Found The Karma Chord

, , , , , | Right | November 21, 2017

(I am working in the guitar department of a large music store. Amongst other things like sale, maintenance, and repair of instruments, we specifically offer customers the opportunity to try out the guitars. This almost always goes without a problem. This afternoon, I am alone, serving a line of about five customers.)

Customer #1: “Can I try out this guitar? I saw the signs by the racks.”

Me: “Certainly, I’ll show you the try-out amps and you can pick your favourite to try it.”

(I lead him to the amplifiers and hook up his guitar. I turn the amp up to about 25%, so that I can still hear the other customers. At this, the customer begins to rage.)

Customer #1: “NO! YOU HAVE TO TURN IT ALL THE WAY UP; OTHERWISE I CAN’T HEAR IF IT’S A GOOD GUITAR!”

Me: “Sir, if I did that, these other customers couldn’t understand their own words. It’s also company policy. I assure you that this level is perfectly acceptable to hear the qualities of your guitar.”

Customer #1: “I SAID TO TURN IT THE F*** UP! HOW THE F*** AM I SUPPOSED TO HEAR IF YOU’RE JUST SELLING S*** INSTEAD OF QUALITY INSTRUMENTS, IF YOU WON’T LET ME HEAR IT?”

(This goes back and forth for five minutes, until the customer finally and reluctantly accepts that I won’t turn the amp up any higher. While he starts playing what I can only guess should be classic rock riffs, I return to my till where [Customer #2], a gentleman in his late 60s with long, white hair, hands me an old, worn-down bass guitar.)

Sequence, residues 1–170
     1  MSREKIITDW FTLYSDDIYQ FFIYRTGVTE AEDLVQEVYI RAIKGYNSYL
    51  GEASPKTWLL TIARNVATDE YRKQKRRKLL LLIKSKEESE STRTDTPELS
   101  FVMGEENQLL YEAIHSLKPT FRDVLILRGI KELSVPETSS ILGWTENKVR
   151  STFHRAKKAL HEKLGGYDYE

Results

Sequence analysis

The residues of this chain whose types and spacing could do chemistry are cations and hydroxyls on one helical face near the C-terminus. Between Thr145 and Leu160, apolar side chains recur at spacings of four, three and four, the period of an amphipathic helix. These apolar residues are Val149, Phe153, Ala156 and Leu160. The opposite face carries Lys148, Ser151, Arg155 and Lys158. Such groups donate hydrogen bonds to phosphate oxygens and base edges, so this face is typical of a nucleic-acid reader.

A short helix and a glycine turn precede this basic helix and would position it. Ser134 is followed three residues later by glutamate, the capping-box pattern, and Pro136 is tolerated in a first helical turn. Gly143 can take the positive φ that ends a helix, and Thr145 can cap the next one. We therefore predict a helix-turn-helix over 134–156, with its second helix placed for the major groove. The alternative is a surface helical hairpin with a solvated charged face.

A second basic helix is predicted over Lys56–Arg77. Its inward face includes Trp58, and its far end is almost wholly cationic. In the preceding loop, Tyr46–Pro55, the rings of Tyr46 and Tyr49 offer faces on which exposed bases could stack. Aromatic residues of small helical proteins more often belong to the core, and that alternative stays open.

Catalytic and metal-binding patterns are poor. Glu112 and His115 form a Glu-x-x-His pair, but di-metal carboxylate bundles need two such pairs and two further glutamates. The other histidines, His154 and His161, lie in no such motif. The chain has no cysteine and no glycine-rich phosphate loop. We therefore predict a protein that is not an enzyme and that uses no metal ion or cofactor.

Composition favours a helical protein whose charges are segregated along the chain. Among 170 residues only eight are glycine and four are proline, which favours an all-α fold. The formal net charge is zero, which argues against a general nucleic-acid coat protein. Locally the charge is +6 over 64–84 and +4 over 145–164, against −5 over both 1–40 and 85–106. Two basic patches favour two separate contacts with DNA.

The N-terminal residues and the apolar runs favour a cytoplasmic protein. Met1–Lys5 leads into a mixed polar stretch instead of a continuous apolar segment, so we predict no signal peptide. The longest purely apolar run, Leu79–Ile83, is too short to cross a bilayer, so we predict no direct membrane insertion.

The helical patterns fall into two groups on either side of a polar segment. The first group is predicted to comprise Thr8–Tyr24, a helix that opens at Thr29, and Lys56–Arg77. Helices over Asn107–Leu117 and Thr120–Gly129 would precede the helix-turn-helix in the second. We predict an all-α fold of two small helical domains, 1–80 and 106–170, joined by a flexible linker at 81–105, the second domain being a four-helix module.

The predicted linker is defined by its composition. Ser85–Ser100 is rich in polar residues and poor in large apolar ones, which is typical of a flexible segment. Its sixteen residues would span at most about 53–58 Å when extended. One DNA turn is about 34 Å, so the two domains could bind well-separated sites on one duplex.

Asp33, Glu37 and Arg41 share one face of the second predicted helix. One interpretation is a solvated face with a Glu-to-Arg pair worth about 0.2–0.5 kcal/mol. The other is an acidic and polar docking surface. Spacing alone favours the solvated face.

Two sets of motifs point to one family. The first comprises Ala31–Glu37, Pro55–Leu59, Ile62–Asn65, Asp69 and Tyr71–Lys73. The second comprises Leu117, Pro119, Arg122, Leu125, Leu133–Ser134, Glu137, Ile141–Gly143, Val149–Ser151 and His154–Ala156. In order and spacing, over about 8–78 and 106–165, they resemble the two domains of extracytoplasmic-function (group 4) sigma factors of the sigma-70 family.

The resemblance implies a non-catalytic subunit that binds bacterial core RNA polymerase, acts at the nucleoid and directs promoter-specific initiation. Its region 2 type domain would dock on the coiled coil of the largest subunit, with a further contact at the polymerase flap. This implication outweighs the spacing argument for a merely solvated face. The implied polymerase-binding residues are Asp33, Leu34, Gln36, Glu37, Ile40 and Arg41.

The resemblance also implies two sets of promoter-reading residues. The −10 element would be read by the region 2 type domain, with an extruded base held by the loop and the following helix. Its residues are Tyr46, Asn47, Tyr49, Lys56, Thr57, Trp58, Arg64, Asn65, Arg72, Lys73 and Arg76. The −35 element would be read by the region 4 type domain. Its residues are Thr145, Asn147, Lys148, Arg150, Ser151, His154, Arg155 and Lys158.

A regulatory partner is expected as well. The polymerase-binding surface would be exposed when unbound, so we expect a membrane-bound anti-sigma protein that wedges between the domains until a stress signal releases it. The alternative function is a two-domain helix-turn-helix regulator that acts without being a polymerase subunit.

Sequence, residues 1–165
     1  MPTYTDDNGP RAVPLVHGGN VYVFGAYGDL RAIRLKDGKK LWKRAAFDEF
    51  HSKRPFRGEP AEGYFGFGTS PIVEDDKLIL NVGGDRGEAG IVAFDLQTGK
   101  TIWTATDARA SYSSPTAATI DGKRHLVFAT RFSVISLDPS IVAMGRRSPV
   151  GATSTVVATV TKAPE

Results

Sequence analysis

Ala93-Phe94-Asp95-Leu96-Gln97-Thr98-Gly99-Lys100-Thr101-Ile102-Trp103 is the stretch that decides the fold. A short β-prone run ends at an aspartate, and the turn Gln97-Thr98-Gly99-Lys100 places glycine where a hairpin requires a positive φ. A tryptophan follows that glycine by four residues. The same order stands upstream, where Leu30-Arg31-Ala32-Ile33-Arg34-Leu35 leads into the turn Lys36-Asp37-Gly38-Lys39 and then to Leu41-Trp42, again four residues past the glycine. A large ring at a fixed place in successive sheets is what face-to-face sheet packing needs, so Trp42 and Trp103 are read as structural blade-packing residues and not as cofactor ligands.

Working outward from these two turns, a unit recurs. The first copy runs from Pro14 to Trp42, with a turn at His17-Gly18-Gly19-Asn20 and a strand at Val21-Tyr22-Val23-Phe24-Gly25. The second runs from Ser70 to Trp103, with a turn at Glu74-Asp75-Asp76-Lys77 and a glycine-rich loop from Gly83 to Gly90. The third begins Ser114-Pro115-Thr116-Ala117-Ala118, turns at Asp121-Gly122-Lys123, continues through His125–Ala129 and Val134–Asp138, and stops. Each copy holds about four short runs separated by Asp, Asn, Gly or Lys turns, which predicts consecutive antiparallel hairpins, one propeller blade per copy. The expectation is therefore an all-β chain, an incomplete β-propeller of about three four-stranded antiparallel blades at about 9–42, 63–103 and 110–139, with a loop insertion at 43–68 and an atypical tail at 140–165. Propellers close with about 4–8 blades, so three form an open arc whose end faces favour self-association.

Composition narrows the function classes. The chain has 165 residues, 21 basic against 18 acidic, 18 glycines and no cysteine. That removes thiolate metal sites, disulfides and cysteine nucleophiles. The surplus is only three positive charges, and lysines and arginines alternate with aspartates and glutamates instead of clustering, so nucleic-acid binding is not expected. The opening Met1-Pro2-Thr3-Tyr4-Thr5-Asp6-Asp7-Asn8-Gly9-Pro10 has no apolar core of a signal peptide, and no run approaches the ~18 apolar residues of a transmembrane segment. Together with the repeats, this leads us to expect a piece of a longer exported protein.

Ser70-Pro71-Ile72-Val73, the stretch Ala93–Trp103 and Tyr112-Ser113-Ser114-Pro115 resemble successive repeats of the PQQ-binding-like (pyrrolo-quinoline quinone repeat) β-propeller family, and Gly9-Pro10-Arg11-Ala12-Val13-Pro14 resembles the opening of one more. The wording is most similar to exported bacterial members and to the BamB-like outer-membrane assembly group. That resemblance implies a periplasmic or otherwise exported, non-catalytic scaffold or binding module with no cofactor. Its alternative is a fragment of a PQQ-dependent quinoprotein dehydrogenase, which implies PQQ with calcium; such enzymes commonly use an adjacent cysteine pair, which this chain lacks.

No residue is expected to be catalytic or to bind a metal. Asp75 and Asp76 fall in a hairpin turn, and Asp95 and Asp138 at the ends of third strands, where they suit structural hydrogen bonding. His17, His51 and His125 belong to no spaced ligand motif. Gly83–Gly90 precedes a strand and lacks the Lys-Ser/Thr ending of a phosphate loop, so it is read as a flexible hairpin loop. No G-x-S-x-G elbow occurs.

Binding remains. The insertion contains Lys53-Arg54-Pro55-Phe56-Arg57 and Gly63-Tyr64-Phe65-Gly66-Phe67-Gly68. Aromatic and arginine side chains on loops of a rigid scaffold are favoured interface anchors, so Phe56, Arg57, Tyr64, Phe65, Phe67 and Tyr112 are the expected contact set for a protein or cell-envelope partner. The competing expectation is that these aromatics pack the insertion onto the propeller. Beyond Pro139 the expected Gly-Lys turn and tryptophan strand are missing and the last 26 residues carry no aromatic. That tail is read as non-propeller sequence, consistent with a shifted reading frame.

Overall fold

Customer #2: “My grandson has started to become really interested in music and wants to learn to play his own. I would like to have my old bass restored as a gift for his upcoming birthday. You do repairs, right?”

Me: “Of course! It will be as good as new in no time. If you will fill out this form, we can address any special issues and desires you may–”

(At this point we are interrupted by incredibly loud shrieking, as [Customer #1] has decided to turn his amp up himself. Everyone is holding their ears as I run over to him.)

Me: “SIR, PLEASE TURN YOUR AMP DOWN! YOU ARE DISTURBING THE OTHER CUSTOMERS!”

([Customer #1] is just standing provocatively in front of his amp, letting his guitar feed back and gesturing that he doesn’t hear me. After a moment, [Customer #2] comes over, takes a guitar from the racks, and plugs it into the amp next to [Customer #1], who is surprised and mutes his guitar.)

Customer #2: “Excuse me, young man. It is obvious you know what you’re doing. Would you honor me by letting me play along with you for a bit?”

Customer #1: “Errr… Sure, Grandpa, but try to keep up with me.”

(At this, [Customer #1] returns to play what I can only describe as the worst version of “Smoke on the Water” I have ever heard – and I have heard many – until [Customer #2] turns his amp just about a third of the way up and starts playing incredibly fast solos on his guitar. [Customer #1] stares in amazement, as does the rest of the shop, and stops playing.)

Customer #2: *stopping for just a moment* “This is only going to work if you play your part, as well, instead of looking at me. I can’t do all the work at my age.”

([Customer #1] stares a bit longer as the old man continues playing. Then, without a word, he drops his guitar on the floor and storms out, red-faced. [Customer #2] turns off the other amp and turns to the rest of the store:)

Customer #2: “The only way to silence bad musicians is by showing them how it is really done.”

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